Christina Heyworth
  • Reviewed: 12/11/2017
  • Degree: Health Sciences
"The School of the Art Institute of Chicago has a phenomenal MA in Art Therapy and Counseling Program that operates from a social justice framework. First year students beginning working at practicum sites within the field during their first semester, and students take on small case loads as of their second year. Classroom sizes are kept small so that every student has an opportunity to ask questions and challenge the ideologies which are presented through reading materials/discussion topics."
M
  • Reviewed: 3/25/2017
  • Degree: Fine Arts
"The education that I received from the School of the Art Institute of Chicago will forever have an impact on me. I learned many basic skills to create successful artwork, and had endless opportunities to explore ways of making thanks to SAIC's interdisciplinary education. But, more than those basic skills, SAIC taught me how to think in new ways, learning to solve problems and explore the world in a way that I can apply throughout my life and beyond my art career."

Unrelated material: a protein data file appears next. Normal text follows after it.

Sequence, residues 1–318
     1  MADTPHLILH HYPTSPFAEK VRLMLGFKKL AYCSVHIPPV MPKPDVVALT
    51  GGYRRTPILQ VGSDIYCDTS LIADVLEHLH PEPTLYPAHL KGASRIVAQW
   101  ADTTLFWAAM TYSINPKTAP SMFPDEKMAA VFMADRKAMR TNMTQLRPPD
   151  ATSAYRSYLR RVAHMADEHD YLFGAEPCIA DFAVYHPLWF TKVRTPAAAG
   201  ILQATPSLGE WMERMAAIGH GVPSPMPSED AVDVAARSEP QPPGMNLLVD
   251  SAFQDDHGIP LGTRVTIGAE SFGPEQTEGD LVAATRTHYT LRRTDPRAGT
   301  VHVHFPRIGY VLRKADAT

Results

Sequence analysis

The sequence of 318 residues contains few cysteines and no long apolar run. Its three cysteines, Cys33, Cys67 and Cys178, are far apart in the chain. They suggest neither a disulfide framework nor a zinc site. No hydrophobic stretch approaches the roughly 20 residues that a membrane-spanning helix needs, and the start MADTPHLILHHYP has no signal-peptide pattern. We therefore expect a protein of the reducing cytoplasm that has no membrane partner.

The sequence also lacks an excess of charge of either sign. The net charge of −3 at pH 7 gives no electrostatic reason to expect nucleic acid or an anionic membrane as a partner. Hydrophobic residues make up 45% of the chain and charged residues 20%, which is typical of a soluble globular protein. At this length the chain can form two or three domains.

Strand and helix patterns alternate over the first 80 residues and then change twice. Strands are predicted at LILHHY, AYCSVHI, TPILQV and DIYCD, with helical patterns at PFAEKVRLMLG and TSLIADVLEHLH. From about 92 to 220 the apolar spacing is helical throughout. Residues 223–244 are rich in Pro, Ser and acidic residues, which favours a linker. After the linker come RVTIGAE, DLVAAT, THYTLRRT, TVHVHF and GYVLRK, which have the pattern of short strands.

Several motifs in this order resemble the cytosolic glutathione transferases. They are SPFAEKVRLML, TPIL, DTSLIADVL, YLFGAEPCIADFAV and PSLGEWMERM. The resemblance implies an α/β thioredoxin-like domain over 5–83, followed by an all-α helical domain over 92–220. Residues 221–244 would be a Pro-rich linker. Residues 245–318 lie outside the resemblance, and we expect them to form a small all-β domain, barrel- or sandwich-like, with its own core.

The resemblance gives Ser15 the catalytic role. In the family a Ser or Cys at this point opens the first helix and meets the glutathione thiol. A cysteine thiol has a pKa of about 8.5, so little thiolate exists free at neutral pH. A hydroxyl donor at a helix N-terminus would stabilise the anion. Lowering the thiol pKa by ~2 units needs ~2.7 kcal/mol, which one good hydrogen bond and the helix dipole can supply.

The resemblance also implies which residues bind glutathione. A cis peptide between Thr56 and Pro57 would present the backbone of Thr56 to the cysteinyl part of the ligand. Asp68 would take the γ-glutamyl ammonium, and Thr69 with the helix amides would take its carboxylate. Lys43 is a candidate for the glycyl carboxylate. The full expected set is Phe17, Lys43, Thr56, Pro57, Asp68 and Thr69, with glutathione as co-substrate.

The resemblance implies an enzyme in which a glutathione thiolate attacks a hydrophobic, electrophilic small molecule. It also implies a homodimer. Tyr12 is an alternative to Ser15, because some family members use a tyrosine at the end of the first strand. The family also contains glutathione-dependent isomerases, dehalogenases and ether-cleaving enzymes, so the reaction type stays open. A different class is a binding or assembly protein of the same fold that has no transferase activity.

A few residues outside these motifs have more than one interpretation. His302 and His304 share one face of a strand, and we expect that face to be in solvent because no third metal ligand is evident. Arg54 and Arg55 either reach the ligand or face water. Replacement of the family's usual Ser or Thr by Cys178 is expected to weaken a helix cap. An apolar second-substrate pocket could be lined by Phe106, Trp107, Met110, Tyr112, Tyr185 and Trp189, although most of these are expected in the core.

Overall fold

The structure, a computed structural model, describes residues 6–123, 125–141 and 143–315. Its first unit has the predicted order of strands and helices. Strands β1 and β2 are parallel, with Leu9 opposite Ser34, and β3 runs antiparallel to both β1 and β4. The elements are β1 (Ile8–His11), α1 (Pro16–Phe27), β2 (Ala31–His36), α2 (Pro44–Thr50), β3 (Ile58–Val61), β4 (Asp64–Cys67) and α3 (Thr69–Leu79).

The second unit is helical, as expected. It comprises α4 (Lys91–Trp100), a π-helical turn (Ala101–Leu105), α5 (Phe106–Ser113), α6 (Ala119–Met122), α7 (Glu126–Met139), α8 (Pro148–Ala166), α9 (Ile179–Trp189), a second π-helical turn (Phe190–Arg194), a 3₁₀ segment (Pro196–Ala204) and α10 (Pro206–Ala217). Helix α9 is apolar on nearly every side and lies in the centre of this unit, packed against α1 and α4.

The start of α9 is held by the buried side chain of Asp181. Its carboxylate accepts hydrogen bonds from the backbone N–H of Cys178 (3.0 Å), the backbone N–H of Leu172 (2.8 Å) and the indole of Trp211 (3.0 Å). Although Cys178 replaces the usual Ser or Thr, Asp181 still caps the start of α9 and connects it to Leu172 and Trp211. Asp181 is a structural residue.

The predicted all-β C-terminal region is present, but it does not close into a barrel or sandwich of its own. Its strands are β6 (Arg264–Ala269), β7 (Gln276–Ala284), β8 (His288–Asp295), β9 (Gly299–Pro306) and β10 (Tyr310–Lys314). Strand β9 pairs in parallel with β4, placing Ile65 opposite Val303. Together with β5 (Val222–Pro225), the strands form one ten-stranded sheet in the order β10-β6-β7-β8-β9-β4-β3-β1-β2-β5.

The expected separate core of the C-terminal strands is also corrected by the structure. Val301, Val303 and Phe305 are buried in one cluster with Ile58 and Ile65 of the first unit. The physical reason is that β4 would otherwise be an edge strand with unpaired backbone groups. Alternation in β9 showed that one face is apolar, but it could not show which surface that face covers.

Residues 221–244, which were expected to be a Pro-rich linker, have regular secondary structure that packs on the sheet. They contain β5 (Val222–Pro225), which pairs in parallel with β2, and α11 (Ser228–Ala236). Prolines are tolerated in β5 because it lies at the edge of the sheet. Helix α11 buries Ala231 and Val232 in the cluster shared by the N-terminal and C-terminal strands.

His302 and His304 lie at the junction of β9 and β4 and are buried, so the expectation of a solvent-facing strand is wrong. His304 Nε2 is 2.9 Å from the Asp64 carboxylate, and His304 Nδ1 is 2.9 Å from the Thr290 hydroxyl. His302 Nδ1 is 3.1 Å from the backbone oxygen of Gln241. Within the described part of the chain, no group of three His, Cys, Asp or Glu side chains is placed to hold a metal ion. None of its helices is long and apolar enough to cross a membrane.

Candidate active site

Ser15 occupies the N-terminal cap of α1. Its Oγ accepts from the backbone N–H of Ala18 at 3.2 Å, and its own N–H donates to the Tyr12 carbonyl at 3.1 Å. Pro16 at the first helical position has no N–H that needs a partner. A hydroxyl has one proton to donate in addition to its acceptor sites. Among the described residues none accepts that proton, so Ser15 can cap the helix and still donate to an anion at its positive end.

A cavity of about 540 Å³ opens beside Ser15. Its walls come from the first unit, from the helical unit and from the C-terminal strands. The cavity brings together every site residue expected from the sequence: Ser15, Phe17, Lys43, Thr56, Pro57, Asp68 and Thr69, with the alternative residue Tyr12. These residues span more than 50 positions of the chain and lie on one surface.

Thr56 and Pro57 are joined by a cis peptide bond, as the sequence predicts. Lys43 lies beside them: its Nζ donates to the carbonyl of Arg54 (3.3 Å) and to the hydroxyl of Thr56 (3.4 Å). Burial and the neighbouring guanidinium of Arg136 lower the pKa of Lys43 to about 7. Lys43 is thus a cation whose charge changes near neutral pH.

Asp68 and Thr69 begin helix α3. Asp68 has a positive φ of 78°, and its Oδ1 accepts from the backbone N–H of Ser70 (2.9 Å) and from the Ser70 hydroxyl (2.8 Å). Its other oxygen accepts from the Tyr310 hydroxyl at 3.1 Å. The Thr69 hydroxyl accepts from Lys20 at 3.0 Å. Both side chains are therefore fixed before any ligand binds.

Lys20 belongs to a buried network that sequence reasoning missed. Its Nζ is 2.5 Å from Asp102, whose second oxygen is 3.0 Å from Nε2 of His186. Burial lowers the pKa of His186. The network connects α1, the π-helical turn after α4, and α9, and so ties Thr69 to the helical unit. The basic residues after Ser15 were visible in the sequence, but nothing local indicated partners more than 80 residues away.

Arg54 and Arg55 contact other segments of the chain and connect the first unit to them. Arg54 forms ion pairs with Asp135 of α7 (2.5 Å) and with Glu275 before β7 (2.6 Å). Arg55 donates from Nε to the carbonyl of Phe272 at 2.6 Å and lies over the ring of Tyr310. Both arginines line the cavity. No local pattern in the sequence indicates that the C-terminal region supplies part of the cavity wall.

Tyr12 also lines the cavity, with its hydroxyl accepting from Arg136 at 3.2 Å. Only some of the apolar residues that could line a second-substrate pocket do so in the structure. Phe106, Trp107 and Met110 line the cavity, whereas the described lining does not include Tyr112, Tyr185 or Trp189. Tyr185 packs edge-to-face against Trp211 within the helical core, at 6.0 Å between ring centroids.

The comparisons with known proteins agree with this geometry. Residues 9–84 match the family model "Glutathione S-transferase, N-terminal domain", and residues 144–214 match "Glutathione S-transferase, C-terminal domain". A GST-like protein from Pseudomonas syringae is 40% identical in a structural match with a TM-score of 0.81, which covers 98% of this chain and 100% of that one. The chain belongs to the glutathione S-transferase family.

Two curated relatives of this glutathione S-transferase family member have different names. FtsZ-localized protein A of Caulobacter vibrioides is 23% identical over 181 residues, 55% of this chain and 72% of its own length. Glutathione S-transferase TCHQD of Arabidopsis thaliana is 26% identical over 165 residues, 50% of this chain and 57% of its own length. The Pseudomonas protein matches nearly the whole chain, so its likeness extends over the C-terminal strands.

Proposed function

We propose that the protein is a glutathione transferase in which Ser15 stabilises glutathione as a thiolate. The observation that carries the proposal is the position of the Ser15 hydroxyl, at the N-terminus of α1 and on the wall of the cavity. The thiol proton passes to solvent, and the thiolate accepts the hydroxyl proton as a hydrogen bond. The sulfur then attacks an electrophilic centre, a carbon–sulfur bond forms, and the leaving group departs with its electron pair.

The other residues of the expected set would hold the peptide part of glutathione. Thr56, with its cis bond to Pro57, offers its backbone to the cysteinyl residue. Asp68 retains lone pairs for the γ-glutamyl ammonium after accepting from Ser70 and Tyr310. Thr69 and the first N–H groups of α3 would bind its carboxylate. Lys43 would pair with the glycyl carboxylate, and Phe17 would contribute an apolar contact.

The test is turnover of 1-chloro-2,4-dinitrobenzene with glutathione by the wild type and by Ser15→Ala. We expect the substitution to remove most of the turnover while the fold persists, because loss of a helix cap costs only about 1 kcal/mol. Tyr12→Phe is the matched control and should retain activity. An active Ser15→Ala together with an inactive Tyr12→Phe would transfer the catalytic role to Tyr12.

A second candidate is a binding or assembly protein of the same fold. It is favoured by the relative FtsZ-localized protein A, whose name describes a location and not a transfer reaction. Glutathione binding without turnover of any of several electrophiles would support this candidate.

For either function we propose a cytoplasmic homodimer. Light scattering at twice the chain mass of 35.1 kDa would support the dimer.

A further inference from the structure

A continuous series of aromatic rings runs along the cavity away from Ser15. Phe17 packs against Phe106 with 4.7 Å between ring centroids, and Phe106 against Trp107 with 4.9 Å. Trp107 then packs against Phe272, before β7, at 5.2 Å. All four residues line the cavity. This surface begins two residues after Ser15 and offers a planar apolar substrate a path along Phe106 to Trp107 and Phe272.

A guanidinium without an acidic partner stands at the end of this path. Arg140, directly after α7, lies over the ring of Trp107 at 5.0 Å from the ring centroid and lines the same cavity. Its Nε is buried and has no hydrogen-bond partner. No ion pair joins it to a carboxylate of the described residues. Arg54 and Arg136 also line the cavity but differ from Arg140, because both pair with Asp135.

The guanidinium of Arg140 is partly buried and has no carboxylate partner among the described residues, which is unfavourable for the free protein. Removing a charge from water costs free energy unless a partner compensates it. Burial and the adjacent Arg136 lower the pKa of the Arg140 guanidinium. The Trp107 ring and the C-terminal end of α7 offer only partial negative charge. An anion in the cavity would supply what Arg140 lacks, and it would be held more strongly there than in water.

Serena Himmelfarb
  • Reviewed: 3/21/2017
  • Degree: Art & Design
"SAIC's reputation as the most influential school is well earned. You will have access to leading members of your chosen field, through visiting artist programs and renowned faculty. The curriculum is rigorous, and there is a high drop out rate for undergraduates because of this. At the graduate level, students dedicate their lives to their studies to an even greater extent, and are rewarded for it."
Lauren
  • Reviewed: 2/28/2017
  • Degree: Art & Design
"My experience at SAIC greatly shaped my career as a practicing artist. After graduating I was able to build a career as an arts educator. The most important relationships I made while attending SAIC was with my peers. These relationships have connected me to all of my employment opportunities post graduation. SAIC prepared me to be hard working and self motivated in my career."
Juan Herrera
  • Reviewed: 3/20/2016
  • Degree: Fine Arts
"It is probably the best interdisciplinary program in the country at the most influential art school in the USA. The possibility of developing my artistic practice alongside my academic practice is wonderful and a dream. Because my research includes production of studio images and documentary photography, this MA that intertwines scholarly, studio, and hybrid research practices, with solid credentials in the subjects of fashion, photography, and visual and critical studies was a great fit. It is also advantageous that the VCS program incentives interdisciplinary course of studies with professors dedicated to Literary Theory, Cultural Studies, Queer Studies, or Latin American Contemporary Art."